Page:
The internet uses a range of standardized protocols allowing network communication. The internet protocol suite is known as TCP/IP, which stands for Transmission Control Protocol/Internet Protocol.

The first major version of TCP/IP was Internet Protocol Version 4 (IPv4). Its successor is Internet Protocol Version 6 (IPv6), though both protocols are in use.

Both protocols define data transmission across the internet. Furthermore, the type of IP address defines the number of Internet Protocol (IP) addresses available for use. For example, you’ve probably seen IP addresses that look like “”.

ipv4 decimal notation

This series of numbers refers to a specific location on the internet. Every site, router, and device connected to the internet is assigned a specific IP.

IPv4 limited the number of available IP addresses to 4,294,967,296. Sounds like a lot, right? IPv4 address exhaustion has long since passed, way back in February 2011. This is because IPv4 IPs were designed as 32-bit integers, limiting the available number of addresses. See the below image for a brief explanation.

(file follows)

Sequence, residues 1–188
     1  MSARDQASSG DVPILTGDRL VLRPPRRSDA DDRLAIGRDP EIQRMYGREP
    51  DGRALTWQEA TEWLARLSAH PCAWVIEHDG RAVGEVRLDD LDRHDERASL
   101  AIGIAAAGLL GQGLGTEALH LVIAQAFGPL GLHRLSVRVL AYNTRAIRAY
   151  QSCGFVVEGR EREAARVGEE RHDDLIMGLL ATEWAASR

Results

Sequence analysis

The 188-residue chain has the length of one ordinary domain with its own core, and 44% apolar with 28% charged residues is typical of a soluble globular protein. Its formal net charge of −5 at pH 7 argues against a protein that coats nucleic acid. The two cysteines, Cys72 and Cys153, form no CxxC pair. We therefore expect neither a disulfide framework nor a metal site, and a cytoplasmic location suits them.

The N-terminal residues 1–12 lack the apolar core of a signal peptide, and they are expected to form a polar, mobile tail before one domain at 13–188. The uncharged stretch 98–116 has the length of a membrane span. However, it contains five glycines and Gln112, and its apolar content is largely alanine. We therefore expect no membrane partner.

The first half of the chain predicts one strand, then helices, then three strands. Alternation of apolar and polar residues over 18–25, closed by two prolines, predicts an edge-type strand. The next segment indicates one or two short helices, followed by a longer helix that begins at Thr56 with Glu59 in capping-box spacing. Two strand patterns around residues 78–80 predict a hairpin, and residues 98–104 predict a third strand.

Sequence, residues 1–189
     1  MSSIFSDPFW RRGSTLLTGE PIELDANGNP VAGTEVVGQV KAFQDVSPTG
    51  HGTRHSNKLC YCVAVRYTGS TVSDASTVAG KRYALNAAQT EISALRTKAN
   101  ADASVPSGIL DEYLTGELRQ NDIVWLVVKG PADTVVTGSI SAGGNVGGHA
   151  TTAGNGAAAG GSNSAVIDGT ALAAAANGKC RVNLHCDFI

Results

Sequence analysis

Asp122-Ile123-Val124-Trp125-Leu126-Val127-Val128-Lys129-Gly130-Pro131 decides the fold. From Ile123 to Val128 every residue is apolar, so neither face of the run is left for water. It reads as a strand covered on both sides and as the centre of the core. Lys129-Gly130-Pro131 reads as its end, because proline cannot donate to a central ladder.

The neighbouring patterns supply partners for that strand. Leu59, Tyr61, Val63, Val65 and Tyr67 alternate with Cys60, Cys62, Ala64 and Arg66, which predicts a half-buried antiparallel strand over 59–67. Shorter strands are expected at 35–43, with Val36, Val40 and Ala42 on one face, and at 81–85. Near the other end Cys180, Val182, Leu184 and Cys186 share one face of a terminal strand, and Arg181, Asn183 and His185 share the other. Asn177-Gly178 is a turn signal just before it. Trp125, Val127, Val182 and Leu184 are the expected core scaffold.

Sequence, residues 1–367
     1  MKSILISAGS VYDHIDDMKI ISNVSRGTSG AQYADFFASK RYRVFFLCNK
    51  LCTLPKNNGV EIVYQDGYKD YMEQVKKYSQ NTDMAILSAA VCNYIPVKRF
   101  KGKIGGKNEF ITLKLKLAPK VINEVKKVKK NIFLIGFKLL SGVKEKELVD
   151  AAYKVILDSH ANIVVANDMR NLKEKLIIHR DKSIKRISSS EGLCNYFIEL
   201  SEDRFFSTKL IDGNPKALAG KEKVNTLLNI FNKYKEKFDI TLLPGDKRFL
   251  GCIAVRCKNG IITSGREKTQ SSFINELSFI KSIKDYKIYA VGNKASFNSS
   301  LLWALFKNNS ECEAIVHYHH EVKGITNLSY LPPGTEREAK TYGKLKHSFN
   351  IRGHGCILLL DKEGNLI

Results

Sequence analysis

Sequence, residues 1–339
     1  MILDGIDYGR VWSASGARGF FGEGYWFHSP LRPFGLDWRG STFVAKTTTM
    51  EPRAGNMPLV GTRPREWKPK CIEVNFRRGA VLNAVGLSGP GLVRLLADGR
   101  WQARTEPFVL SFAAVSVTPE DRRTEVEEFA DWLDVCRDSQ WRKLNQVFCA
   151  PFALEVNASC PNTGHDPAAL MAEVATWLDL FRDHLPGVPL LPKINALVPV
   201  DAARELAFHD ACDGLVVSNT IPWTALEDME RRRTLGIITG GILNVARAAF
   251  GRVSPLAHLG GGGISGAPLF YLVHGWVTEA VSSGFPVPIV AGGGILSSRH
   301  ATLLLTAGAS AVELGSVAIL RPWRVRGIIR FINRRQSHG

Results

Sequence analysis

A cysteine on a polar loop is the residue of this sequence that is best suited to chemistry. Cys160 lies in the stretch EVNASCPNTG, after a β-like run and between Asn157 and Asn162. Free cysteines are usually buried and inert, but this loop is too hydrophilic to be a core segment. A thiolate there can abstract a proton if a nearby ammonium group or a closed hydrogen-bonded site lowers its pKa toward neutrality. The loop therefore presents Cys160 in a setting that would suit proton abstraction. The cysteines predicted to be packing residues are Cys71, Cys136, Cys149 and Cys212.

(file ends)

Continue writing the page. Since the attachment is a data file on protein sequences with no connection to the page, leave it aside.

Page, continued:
The IPv6 standard was launched to address this problem with the introduction of 128-bit hexadecimal IP addresses, providing a 3,400,000,000,000,000,000,000,000,000,000,000,000,000 address space for the internet to grow into. An IPv6 IP address looks different to its IPv4 counterpart, too: 4532:1cb8:75a3:4942:1771:9e2c:1350:8331

ipv6 decimal notation